Instruction librarians are currently teaching concepts such as lateral reading, photo identification, and fact-checking in sessions for the University College, First-year Writing, Critical Thinking and Communication, and subject area classes. We provide students with the opportunity to evaluate online content in an active learning environment and ask them to decide if they would share that information on their social media or with others.
The working group has created an infographic featuring a series of steps to use when reading online content. This process recognizes the need for online readers to slow down and check their emotions before reacting to and sharing potentially inaccurate information.
The Digital Media Literacy resource guide is a repository of tools and information including articles, activities, lesson plans, and videos. Faculty are encouraged to use the content in this guide in working with their classes.
Telling Our Stories: Black Alumni at UNC Charlotte
Atkins Library’s Special Collections and University Archives has embarked on an exciting project to document and archive the oral histories of UNC Charlotte’s Black Alumni by collecting first-hand accounts of the lives of Black students over the decades. The histories will be gathered and preserved in the University Archives, which serves as the collective memory of our campus history.
This is an alumni-driven project, inspired by interviews we have already gathered, notably that of James Cuthbertson, Jr., who was a member of the Black Student Union in the late 1960s and early 1970s. As the university celebrates Black History Month, we invite you to listen to the alumni interviews that have been uploaded to Goldmine.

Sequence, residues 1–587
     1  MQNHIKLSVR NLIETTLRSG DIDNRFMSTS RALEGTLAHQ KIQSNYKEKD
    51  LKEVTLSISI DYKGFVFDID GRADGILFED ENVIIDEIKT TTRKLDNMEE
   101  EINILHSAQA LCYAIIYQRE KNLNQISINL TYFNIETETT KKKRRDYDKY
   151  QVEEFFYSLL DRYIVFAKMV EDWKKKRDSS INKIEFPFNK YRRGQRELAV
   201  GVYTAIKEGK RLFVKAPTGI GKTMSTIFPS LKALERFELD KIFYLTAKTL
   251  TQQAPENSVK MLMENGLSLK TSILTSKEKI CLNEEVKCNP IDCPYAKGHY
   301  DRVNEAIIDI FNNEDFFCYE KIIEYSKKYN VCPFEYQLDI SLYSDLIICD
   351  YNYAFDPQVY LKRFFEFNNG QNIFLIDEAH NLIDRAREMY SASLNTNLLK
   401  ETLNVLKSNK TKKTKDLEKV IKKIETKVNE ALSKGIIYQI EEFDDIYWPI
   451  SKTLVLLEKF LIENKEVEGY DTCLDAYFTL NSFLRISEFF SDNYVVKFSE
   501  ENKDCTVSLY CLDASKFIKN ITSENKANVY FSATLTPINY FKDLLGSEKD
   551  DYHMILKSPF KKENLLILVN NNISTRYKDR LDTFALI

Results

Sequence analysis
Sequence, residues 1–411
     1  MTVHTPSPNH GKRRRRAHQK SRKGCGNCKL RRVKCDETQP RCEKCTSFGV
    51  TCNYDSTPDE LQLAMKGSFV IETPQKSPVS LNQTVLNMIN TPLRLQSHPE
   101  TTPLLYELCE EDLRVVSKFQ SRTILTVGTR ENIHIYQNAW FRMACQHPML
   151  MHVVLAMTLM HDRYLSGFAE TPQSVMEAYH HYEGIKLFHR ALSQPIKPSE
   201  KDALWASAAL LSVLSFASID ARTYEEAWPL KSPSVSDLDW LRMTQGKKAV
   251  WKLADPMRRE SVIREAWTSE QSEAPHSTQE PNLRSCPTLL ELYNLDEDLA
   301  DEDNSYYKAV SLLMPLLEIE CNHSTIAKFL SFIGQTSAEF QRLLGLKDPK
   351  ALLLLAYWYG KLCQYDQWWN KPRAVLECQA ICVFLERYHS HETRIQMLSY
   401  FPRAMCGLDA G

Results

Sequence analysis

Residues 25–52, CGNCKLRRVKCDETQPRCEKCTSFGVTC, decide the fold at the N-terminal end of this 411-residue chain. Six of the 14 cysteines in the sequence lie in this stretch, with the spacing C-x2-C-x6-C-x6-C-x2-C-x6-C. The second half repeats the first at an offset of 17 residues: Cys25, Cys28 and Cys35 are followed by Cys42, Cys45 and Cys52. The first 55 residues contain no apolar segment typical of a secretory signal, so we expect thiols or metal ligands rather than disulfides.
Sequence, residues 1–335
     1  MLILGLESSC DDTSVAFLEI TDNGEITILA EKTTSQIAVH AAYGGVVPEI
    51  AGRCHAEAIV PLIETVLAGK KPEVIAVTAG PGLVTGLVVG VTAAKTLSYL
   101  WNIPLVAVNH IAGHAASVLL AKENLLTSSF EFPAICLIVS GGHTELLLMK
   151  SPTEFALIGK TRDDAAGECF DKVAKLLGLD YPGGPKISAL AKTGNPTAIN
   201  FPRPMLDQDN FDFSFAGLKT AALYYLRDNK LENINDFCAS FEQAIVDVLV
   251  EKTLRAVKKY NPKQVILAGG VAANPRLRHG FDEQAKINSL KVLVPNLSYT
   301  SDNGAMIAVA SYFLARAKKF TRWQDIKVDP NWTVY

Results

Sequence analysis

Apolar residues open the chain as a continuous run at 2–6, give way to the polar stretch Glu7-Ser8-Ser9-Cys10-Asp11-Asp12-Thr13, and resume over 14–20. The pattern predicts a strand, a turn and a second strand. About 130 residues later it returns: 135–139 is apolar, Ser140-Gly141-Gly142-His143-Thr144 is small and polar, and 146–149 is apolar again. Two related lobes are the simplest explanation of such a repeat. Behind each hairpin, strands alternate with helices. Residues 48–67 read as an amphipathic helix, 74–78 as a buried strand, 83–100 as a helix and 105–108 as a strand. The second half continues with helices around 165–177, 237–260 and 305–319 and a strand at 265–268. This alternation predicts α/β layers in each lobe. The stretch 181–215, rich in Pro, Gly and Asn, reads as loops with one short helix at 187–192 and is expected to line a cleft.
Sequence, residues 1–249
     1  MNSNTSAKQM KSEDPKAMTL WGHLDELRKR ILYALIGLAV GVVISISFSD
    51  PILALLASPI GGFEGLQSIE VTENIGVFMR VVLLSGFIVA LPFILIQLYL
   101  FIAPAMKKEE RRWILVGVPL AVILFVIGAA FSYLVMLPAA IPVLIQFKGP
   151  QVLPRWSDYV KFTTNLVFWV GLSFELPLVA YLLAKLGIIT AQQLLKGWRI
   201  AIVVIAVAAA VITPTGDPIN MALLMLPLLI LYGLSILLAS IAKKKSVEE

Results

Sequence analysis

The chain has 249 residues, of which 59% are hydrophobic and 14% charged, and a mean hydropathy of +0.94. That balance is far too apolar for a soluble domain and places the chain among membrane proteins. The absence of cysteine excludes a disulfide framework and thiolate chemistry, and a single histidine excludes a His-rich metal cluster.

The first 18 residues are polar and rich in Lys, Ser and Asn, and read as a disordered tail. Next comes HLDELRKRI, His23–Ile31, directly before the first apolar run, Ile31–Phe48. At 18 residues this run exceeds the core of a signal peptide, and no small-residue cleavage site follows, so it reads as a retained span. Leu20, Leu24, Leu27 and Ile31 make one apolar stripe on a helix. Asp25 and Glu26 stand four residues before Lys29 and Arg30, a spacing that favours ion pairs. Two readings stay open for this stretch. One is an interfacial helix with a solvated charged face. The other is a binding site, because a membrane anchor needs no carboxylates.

Should your story be in this collection, or do you know someone who may want to take part? Sign up to schedule a virtual meeting with an interviewer. Interviews will take between an hour and 90 minutes.
Wish List: The Marrow of Tradition
By Joseph Nicholson
Born in Ohio to free persons of color originally from Fayetteville, Charles W. Chesnutt spent his early years in North Carolina after his family returned to the state at the end of the Civil War. His family’s experience of racial oppression in the Reconstruction-era South was the stimulus for a series of novels that offer a searing portrait of a society riven by racial violence and hypocrisy and a moving account of the agonizing dilemmas faced by those who, like Chesnutt himself, were of mixed race ancestry and could pass back and forth across the color line.
Perhaps the best-known of his novels, The Marrow of Tradition (1901) is a scorching fictional treatment of the 1898 Wilmington riot, when white insurrectionists used violence and intimidation to overthrow a Fusionist city government in which African Americans shared power with whites. Special Collections and University Archives currently lacks a copy of the important 1901 first edition of this landmark novel, which would bolster its growing holdings in African-American literature and history and provide crucial literary context on one of the ugliest chapters in North Carolina history to its users.
Currently, a first edition of this book can be found for approximately $750. Please contact Associate Dean Dawn Schmitz if you would like to discuss making a donation in any amount targeted toward this purchase. We also welcome gifts to supplement one of the endowment funds that support the development of our rare book collection.
UNC Charlotte History Ebooks
Atkins Library holds a number of books on UNC Charlotte that were previously published by UNC Press in print. Our goal is to convert these print books to digital ebooks to be stored in Niner Commons. Niner Commons hosts and promotes the scholarly works of faculty and researchers from UNC Charlotte while providing valuable long-term preservation. Niner Commons features a record of efforts, partnerships, results, and products that advance individual and institutional goals, and allow access to the global community. These books could be converted to an ebook for about $500 each. If you’re interested in sponsoring a digital conversion, please contact Bob Price, Associate Dean of Planning, Innovation, and Engagement at 704-687-0490, or Judy Lekoski, Director of Development at 704-687-0084.
The Making of a Research University: James H. Woodward and UNC Charlotte, 1989–2005
William Thomas Jeffers
Dean Colvard: Quiet Leader
Marion A. Ellis
Charlotte and UNC Charlotte: Growing Up Together
By Ken Sanford